Deep in the woods in Dalarna, Sweden, scattered among stumps and newer-growth trees stand centuries-old Scotch pines – thick, gnarled, and covered with carvings. The messages inscribed in their trunks are from female shepherds who, from the 17th to the early 20th centuries, would leave their villages to live and work together on the fäbod (summer farm) and lead their families’ cattle out to graze. While in the pastures, these young women, many of them teenagers, carved the date, their initials, and notes to each other, leaving the trunks scrawled with a kind of teenage freneticism, a coded language, an assertion of their existence: HERE WE DRAW OUR NAMES. The artist Elina Birkehag went into the forest with her camera and searched for the trees. She photographed the marks the young women had left in the bark. Her book connects us with the female shepherds and enables us to “read” the trees.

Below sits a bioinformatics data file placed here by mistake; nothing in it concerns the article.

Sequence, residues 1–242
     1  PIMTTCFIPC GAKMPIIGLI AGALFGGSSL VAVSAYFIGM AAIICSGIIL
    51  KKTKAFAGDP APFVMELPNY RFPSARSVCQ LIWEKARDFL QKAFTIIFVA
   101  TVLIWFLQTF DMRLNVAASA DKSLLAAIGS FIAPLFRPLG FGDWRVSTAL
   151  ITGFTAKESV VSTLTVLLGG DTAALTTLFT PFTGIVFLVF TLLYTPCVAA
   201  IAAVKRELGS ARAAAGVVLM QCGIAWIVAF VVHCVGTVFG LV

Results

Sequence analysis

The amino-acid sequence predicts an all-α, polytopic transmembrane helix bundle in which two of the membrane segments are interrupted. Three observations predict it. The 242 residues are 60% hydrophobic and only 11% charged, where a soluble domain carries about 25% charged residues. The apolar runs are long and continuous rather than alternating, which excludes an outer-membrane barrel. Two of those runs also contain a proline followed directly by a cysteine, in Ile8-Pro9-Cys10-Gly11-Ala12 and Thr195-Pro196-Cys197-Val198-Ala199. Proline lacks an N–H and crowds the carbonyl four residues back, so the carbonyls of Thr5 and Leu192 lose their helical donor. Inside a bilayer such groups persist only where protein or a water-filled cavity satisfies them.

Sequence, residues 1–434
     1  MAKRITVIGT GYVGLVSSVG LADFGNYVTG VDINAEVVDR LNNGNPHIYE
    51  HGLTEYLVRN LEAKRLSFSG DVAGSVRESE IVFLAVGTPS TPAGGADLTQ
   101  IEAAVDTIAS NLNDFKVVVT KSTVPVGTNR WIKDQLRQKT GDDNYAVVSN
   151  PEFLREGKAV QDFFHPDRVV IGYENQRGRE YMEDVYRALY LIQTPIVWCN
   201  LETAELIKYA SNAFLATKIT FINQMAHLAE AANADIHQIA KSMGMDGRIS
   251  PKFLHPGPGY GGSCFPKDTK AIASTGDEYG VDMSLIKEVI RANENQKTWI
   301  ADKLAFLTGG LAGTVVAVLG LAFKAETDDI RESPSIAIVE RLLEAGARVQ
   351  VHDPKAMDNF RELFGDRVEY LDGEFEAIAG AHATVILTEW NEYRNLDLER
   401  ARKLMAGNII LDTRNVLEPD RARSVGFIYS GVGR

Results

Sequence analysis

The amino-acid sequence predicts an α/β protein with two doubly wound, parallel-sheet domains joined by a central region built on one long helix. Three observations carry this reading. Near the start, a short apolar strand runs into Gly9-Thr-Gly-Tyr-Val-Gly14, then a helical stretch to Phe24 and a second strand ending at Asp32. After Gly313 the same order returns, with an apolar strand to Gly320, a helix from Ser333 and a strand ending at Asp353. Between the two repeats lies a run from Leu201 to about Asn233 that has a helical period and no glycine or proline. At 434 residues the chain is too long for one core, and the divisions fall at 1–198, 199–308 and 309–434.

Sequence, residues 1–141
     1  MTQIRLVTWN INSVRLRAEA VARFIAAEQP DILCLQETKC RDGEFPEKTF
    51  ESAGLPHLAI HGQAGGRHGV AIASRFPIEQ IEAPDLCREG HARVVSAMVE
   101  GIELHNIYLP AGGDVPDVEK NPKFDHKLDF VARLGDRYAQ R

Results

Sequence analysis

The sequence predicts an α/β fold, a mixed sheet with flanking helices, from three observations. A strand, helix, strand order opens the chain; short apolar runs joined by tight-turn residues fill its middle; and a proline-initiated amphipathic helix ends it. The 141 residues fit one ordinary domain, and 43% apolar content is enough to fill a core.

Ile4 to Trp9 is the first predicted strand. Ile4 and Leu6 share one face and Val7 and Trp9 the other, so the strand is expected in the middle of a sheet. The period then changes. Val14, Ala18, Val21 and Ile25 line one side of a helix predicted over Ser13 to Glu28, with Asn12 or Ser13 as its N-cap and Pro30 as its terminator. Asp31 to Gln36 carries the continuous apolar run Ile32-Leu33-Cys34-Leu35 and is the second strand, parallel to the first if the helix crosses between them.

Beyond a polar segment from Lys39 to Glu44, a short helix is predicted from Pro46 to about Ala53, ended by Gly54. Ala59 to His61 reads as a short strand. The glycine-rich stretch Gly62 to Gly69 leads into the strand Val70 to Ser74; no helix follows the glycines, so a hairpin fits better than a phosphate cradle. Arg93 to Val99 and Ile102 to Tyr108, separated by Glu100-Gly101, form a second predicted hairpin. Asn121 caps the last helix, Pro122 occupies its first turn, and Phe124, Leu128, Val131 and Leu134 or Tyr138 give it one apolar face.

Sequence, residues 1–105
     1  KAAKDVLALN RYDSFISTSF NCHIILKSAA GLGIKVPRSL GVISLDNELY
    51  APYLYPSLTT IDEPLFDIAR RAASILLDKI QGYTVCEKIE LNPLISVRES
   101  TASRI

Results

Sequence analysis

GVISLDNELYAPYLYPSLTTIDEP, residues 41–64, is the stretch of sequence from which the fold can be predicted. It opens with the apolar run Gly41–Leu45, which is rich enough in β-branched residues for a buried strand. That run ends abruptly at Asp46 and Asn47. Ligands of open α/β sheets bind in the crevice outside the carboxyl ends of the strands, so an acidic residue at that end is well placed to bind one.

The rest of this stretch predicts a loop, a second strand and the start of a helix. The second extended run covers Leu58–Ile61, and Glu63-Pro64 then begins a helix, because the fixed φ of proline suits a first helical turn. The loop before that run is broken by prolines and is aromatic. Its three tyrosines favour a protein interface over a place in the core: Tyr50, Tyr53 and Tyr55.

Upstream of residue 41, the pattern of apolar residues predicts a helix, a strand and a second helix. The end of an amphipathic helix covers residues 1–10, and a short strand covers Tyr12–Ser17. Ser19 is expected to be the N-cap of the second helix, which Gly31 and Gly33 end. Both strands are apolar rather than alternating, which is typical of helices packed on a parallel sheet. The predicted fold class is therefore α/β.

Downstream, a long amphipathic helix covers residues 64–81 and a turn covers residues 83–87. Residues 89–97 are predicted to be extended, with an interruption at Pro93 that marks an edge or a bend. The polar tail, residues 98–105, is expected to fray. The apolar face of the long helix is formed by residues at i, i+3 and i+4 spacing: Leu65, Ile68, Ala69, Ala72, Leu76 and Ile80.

With contributions by Amelia Groom & M. Ty, Quinn Latimer, Meg Miller, Jungmyung Lee, Matilda Kenttä & Linnea Rutz, and Jennie Tiderman Österberg.

Published by Spector Books.

Can be purchased here.